A poison pill is a defense strategy companies use to discourage potential buyers from making a hostile takeover bid. There are different types of poison pill strategies, like the flip over, flip in, etc. This article will discuss what a poison pill is, the different types, how it works, and also answer some of the most common questions related to it.
What is a Takeover?
A takeover is a process by which one company acquires another company. At some point, the growth rate decreases for big companies. Then they try to expand through acquisitions. Thus it has become a common trend that larger companies are taking over small companies. Other key reasons for a takeover are:
- to increase market share,
- to achieve economies of scale or scope,
- to access new technology or products, and
- to eliminate a competitor.
There are two types of takeovers: friendly and hostile.
- In a friendly takeover, the target company agrees to be acquired.
- In a hostile takeover, the target company does not want to be acquired and tries to resist the offer.
What Is Hostile Takeover?
A hostile takeover is when a company attempts to gain control of another company without the approval of the target company’s board of directors. This can be done by buying up a majority of the target company’s shares, making a hostile bid for the company, or launching a proxy fight to replace the target company’s board of directors with its own nominees.
Why Would Someone Make Attempt of Hostile Takeover?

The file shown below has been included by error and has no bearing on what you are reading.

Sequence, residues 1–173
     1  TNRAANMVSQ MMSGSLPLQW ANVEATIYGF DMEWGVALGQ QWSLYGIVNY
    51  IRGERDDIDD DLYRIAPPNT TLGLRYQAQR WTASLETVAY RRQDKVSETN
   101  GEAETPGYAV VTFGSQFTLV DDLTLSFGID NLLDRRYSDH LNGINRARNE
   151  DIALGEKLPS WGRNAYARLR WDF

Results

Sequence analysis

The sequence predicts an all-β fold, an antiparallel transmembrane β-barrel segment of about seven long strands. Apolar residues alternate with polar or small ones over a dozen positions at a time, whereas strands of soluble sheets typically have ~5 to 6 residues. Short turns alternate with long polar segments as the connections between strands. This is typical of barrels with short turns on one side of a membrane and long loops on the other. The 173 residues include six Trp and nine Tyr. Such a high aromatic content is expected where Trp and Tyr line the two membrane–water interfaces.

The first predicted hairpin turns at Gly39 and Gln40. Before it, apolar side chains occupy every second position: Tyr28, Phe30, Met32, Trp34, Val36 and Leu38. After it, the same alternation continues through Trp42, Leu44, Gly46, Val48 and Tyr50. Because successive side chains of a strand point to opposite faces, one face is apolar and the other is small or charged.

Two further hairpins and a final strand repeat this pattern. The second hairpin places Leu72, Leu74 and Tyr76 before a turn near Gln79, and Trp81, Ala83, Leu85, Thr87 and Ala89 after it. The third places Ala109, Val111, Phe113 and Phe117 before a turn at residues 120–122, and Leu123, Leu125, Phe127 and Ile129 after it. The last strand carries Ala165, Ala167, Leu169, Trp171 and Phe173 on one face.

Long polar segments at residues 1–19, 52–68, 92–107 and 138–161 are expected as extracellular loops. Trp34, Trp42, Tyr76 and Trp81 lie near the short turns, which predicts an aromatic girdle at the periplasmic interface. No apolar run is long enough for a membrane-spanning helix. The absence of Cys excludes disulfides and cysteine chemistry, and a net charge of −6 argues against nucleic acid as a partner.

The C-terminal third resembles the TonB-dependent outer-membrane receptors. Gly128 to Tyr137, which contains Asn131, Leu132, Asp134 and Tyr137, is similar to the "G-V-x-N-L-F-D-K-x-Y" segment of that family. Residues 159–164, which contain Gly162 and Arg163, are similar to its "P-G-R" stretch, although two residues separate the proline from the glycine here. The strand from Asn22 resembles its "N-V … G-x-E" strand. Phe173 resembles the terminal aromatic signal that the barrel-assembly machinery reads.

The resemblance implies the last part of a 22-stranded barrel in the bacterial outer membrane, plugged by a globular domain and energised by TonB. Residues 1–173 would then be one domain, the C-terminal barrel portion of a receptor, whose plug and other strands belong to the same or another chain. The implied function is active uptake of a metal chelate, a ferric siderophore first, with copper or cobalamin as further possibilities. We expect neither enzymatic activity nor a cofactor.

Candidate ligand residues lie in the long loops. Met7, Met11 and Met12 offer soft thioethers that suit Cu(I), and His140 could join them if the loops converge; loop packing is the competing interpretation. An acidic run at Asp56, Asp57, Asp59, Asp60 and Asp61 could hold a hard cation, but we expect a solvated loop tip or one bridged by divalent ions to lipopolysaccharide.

There are a few reasons why someone would attempt a hostile takeover. They may believe that they can run the company better than the current management, cut costs and improve efficiency, or sell off the company’s assets for a profit. Sometimes, a hostile takeover is simply a matter of greed. The potential buyer may believe that the target company is undervalued and that they can make a quick profit by taking it over.
To know more about the hostile takeover, read this article: What is a Hostile Takeover and How Does It Work
What Is a Poison Pill?
A poison pill is a strategy companies use to make themselves less attractive to potential buyers and dissuade hostile takeover attempts. A company’s board of directors usually adopts poison pills in response to an unsolicited bid from another company.
History of Poison Pill Strategy
The poison pill strategy was first used in the early 1980s. It was popularized by Martin Lipton, a corporate lawyer who devised a strategy to help defend against hostile takeovers. Poison pills were used extensively in the 1980s and early 1990s during the wave of hostile takeover activity in the United States. It fell out of favor in the late 1990s, but they have been making a comeback in recent years.
Types of Poison Pill
There are several types of poison pills. The most common are described below.
1. Flip-Over Poison Pills
A flip-over poison pill is when a company issues new shares to existing shareholders at a discount if the company is acquired. This dilutes the potential buyer’s stake in the company and makes it less attractive to hostile bidders.